Yes abbreviations are shortened words - in common usage. But this is a chemistry article, a field where more specific rules ("sciencey stuff") apply. There is clear evidence that "Ac" is unlikely to be a scientific abbreviation, because of the stated ambiguity. The rareness of actinium is irrelevant - in a normal chemical context if one saw the abbreviation Ac, one would read it as actinium, in accordance with the normal rule. I suggest that - in the context of a chemistry article where an ambiguous abbreviation is presented, in a field that normally requires precision and unambiguity - "Citations should be used whenever non-obvious information is presented" In a scientific article it is not obvious why an ambiguous abbreviation is used. (Alternatively, one might consider just removing the reference to the abbreviation, because that abbreviation is not used elsewhere in the article.) Mitch Ames (talk) 01:38, 19 February 2011 (UTC)
"The rareness of actinium is irrelevant" I disagree, it is pretty relevant. The only reason to meddle here to make some litigious point, and eventually you will win this debate, for sure. These chemistry pages attract all sorts of editors despertate to make their mark, regardless of whether their contribution helps readers or not. Congratulations.--Smokefoot (talk) 04:37, 19 February 2011 (UTC)
  • RfC comment. I've never edited this page before, and came here because I saw the RfC notice. I'd delete the abbreviation. First of all, WP:NOTDICTIONARY, so we really don't need to define such abbreviations, unless they are notable in some way. Second, we do not have a redirect from Ac to this page, so there is no need for that reason. Third, as noted above, the standard scientific use of the abbreviation is for actinium, so this abbreviation here is more like a non-standard informal shorthand, and as such, is not particularly encyclopedic. --Tryptofish (talk) 18:47, 19 February 2011 (UTC)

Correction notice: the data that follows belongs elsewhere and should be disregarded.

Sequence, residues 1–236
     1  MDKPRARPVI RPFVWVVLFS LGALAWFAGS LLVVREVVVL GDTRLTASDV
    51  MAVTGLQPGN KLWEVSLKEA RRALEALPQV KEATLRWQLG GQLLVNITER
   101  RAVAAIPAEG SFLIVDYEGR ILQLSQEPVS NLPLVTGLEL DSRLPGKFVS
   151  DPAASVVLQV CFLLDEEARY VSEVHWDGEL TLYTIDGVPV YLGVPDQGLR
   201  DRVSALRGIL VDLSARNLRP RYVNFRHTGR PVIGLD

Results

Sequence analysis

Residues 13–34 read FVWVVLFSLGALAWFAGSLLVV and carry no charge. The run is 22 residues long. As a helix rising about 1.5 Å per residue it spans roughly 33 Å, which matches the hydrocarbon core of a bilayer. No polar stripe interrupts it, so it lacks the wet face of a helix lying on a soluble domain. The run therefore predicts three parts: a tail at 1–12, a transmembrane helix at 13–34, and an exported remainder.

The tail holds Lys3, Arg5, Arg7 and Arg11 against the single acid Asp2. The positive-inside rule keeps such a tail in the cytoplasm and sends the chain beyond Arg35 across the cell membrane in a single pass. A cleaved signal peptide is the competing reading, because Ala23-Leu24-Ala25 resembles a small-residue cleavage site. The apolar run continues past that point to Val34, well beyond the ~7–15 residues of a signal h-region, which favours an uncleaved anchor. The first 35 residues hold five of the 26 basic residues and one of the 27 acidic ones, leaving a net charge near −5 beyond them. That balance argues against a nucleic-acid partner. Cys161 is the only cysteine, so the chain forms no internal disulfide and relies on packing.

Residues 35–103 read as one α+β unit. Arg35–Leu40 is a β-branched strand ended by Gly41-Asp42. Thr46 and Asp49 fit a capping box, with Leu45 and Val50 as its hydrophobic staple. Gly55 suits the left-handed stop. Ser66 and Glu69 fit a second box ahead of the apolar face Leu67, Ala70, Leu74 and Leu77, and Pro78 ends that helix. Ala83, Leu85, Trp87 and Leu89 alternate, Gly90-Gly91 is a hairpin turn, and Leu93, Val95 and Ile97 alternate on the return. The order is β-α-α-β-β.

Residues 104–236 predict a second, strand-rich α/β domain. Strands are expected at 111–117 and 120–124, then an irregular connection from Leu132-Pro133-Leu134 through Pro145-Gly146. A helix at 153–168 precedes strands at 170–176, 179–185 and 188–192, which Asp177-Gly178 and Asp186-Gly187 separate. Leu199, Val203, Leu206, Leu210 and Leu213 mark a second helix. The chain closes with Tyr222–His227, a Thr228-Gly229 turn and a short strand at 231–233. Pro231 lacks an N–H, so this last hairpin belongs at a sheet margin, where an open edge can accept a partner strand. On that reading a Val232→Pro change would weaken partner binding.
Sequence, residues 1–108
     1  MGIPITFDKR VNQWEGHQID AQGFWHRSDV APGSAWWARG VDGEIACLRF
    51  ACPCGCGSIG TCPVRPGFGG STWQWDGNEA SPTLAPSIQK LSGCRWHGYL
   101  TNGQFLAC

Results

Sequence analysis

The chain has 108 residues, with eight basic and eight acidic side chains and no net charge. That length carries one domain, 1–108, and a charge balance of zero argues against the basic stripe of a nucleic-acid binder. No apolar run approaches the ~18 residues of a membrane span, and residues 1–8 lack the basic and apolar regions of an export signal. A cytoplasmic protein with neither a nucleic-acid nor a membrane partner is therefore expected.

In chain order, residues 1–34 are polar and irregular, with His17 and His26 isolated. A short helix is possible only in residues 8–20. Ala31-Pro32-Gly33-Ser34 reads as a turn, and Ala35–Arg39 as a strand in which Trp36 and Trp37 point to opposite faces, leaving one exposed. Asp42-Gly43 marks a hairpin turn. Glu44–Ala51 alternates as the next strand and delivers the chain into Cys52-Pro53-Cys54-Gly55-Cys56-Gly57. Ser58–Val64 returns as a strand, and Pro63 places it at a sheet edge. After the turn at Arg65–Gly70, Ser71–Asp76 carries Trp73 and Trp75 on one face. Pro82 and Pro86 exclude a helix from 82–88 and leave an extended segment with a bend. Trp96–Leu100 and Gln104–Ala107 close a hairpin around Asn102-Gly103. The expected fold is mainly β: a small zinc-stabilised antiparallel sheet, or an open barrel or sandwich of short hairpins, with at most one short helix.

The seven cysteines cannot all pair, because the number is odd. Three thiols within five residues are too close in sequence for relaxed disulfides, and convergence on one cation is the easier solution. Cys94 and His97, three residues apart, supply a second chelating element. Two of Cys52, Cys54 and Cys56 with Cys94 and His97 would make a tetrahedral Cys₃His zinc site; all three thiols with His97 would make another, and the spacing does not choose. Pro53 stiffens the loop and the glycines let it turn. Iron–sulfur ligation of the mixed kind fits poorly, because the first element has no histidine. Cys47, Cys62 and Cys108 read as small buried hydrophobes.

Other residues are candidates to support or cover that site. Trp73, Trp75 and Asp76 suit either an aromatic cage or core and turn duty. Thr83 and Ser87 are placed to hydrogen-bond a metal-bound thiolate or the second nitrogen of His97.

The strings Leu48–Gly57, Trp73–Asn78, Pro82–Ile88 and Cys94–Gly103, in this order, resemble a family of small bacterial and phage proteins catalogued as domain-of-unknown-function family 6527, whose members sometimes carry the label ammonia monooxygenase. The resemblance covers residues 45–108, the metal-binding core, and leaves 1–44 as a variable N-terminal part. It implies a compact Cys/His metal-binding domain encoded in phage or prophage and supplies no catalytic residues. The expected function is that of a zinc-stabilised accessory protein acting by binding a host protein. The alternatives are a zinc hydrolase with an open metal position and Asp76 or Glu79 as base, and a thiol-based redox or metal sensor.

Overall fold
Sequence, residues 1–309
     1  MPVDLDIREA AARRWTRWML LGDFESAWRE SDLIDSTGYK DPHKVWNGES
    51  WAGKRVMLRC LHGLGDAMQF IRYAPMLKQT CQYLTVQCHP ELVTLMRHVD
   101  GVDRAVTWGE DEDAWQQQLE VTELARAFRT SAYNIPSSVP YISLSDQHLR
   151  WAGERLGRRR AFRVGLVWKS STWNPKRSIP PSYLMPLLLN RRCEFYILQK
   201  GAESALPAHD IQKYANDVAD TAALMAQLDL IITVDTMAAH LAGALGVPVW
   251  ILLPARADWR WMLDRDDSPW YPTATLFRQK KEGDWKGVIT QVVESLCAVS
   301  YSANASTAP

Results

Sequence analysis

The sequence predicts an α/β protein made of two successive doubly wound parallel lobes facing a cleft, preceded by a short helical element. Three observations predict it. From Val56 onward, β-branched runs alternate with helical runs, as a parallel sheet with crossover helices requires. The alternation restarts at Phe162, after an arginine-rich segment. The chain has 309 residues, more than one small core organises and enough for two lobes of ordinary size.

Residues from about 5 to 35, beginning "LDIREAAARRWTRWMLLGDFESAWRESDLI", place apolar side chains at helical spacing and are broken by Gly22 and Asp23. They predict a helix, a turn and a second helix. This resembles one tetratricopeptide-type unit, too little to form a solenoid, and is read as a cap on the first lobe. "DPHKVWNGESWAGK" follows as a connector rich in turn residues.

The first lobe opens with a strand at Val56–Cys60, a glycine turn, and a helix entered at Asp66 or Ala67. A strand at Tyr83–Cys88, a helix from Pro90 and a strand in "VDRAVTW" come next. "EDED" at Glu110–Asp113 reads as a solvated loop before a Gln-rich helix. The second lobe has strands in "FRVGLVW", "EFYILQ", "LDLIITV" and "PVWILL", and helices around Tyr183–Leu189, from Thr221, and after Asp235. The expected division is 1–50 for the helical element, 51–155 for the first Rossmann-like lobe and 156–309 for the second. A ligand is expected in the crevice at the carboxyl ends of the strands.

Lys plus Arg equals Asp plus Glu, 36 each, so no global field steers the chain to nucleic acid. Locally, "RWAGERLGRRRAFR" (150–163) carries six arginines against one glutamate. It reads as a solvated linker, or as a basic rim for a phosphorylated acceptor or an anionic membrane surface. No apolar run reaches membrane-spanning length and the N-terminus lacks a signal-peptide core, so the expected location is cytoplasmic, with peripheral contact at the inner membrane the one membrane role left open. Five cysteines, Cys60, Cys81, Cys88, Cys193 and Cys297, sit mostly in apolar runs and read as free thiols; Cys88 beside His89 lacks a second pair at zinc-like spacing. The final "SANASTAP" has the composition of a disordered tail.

Ac redirects to AC, a disambiguation page that includes Acetyl. I have recently been cleaning up the AC page to remove links to articles that did not explicitly include the abbreviation AC, Ac, etc, on the grounds that it is a disambiguation page, not an dictionary of obscure acronyms. (See the history of the AC page for details.) I deliberately left the Acetyl entry because the Acetyl page includes the abbreviation. I'm not sufficiently knowledgeable about Acetyl to state that Ac is definitely not a valid abbreviation - I merely assert that if the abbreviation is used by people working in organic chemistry, a citation is appropriate, for the reasons already mentioned. Mitch Ames (talk) 00:43, 20 February 2011 (UTC)
  • The Ac abbreviation is very notable and is one of the most common ones in organic chemistry. I would just add a citation to a big organic synthesis (text)book like Jerry March's one. Nergaal (talk) 21:23, 19 February 2011 (UTC)